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I need to prove/disprove the correctness of the following algorithm: Let G be a simple, undirected and connected graph. The task is to find if the graph contains an odd cycle. The algorithm goes that way. First, you run the DFS algorithm on the graph, since it is connected it will result in a single tree. The for each node $u$, you declare the field $L[u]$. $L[u]$=0 if $u$ is the root of the tree, otherwise $L[u]=L[\pi(u)] + 1$, when $\pi(u)$ is the parent of $u$ in the tree.

Finally the algorithm says that: if there exists and edge $e=${$u,v$} in the original graph $G$ so that $L[u] + L[v]$ is even than the graph contains and odd cycle. Otherwise (if such edge doesn't exist) the graph doesn't contain an odd cycle.

I am inclined to says that the algorithm is correct. I even have an idea of a proof that uses the idea that if such edge $e$ exists, then it must be a back edge in the DFS tree. That would mean there is a cycle and since $L[v] = L[u] + t$, where $t$ is the number of tree edges in the DFS tree between $u$ and $v$, I'll get $2L[u] + t = $ even number, which means that $t$ is even and then with the edge $e$ there is an odd cycle.

However, I want to make sure that I am not missing anything, So if some one approve my way or even give an example to disprove the algorithm I would be glad.

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  • $\begingroup$ Are you familiar with using DFS to check whether a graph is bipartite? $\endgroup$ – Yuval Filmus Nov 17 '18 at 2:10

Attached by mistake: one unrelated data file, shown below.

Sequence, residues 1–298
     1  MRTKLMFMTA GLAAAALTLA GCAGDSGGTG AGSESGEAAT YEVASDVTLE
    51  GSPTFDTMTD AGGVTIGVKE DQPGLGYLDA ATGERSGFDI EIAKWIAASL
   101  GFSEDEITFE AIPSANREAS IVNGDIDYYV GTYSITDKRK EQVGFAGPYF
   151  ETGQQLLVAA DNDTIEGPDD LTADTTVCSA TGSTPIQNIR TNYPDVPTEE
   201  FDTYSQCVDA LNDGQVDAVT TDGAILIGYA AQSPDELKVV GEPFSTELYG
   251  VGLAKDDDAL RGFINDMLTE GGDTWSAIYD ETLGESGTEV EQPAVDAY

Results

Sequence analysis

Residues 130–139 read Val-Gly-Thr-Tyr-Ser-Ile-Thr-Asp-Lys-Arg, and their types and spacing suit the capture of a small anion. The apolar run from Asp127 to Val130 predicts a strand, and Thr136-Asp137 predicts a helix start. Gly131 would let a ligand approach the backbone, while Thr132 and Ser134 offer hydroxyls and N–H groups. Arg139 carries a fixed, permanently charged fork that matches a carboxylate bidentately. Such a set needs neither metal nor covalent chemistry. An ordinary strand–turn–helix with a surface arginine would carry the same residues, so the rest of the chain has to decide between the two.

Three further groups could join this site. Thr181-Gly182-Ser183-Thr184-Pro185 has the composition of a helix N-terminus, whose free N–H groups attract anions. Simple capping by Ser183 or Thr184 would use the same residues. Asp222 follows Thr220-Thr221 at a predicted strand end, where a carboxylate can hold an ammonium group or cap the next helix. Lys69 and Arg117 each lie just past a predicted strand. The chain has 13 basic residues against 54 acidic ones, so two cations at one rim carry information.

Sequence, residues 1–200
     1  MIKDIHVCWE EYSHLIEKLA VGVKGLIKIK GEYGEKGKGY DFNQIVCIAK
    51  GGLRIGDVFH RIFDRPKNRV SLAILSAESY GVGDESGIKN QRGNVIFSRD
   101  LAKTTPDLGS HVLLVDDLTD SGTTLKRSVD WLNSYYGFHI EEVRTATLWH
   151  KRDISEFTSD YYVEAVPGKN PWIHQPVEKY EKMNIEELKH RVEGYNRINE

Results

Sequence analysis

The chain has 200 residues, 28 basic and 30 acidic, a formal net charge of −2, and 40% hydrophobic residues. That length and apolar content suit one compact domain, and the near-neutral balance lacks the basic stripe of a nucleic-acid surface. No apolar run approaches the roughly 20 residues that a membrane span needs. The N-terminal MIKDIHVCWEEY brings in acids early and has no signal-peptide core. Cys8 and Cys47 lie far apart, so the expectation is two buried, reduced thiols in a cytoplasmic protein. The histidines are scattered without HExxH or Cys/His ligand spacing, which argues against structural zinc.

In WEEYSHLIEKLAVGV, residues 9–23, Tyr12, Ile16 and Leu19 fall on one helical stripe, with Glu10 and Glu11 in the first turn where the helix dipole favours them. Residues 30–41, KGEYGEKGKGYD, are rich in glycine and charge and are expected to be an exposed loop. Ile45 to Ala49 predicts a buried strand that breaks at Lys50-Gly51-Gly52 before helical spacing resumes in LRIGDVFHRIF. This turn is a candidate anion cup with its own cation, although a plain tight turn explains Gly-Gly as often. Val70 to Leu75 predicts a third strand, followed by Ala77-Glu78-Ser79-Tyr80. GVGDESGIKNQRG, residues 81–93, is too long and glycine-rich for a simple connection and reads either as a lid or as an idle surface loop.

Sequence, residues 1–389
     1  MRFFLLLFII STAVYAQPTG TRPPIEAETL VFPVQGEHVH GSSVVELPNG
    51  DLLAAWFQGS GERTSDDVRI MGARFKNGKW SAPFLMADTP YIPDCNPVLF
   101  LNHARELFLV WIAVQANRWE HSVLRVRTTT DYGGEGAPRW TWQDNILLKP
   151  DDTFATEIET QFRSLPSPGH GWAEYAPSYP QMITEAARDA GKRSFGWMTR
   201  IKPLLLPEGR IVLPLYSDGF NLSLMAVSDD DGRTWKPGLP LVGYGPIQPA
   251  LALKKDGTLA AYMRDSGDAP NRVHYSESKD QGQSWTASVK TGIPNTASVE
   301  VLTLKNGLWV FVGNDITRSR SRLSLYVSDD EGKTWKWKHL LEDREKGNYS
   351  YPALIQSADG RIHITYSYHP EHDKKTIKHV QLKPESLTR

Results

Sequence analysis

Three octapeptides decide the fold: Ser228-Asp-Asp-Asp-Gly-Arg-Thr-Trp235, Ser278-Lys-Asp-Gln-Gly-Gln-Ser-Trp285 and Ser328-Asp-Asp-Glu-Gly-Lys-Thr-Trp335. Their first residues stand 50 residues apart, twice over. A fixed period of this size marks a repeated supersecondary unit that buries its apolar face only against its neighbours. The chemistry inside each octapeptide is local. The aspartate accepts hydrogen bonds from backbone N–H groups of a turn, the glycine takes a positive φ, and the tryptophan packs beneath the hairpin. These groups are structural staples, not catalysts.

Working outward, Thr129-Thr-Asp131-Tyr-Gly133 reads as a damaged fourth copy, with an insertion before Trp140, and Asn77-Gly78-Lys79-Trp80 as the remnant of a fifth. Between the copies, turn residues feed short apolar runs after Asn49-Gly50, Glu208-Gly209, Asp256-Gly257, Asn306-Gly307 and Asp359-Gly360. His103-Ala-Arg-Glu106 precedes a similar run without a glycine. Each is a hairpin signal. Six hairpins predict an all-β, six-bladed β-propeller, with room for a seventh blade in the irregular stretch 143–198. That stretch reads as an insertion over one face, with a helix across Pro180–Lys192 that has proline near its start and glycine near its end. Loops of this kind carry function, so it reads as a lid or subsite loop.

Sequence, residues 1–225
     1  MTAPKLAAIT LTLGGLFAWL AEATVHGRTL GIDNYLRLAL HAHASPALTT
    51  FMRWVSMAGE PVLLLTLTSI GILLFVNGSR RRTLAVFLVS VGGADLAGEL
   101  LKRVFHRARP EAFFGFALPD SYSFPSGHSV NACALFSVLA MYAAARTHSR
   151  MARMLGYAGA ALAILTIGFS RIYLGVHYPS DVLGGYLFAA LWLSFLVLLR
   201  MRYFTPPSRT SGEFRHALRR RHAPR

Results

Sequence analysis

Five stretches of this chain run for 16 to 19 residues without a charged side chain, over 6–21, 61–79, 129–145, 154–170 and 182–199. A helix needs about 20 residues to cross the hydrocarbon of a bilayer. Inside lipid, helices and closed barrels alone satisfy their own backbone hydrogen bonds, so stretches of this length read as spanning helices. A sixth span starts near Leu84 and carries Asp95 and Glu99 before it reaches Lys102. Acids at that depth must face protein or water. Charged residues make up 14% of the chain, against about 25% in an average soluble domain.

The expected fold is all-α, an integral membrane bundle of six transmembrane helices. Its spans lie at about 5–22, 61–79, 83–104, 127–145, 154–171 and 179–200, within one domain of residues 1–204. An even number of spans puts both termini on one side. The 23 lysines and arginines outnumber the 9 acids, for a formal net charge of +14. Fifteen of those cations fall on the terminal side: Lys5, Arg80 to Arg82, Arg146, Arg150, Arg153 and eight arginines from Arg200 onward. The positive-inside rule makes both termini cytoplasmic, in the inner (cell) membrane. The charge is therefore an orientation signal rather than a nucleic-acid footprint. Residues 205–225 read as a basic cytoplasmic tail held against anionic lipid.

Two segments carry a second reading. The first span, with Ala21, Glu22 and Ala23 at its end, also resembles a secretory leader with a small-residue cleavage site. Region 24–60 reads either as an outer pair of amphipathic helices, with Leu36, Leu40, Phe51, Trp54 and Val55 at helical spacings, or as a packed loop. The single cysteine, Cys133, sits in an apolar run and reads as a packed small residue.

• $\begingroup$ When you say "$L[u] + L[v]$ is equal", you meant the quantity is "even", right? $\endgroup$ – helper Nov 17 '18 at 16:30
  • $\begingroup$ yes, my mistake $\endgroup$ – Gabi G Nov 17 '18 at 16:41
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Your algorithm is correct, but I think there's an issue with your proof. The issue is that if $u$ and $v$ are in different branches of the tree, then their distance would be $L[u]+L[v]$, not $t$. This quantity is already defined to be even, so your proof only needs to be slightly modified to handle this case.

Edit: It is also the case that for any DFS tree, any edge not in the tree will be a back edge between nodes in the same branch. Therefore, the question asker's proof is correct.

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  • $\begingroup$ Since it is an undirected graph, I'm pretty sure they can't be on different branches. $\endgroup$ – Gabi G Nov 17 '18 at 11:13
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    $\begingroup$ What if G is a tree? $\endgroup$ – helper Nov 17 '18 at 11:14
  • $\begingroup$ If G is a tree then there are only tree edges which means they have to be on the same branch. If you meant the case where $e$ is a tree edge, then $L[u]+L[v]$ will be an odd number $\endgroup$ – Gabi G Nov 17 '18 at 16:28
  • $\begingroup$ why wouldn't it be $t$? From the way $L[u]$ is declared, it is the distance of $u$ from the root of the DFS tree $\endgroup$ – Gabi G Nov 17 '18 at 16:40
  • $\begingroup$ Ok, I agree that in any DFS tree, any edge not in the tree will be a back edge in the same branch. I think your proof should either include a proof of this statement, or use my strategy. $\endgroup$ – helper Nov 17 '18 at 16:47

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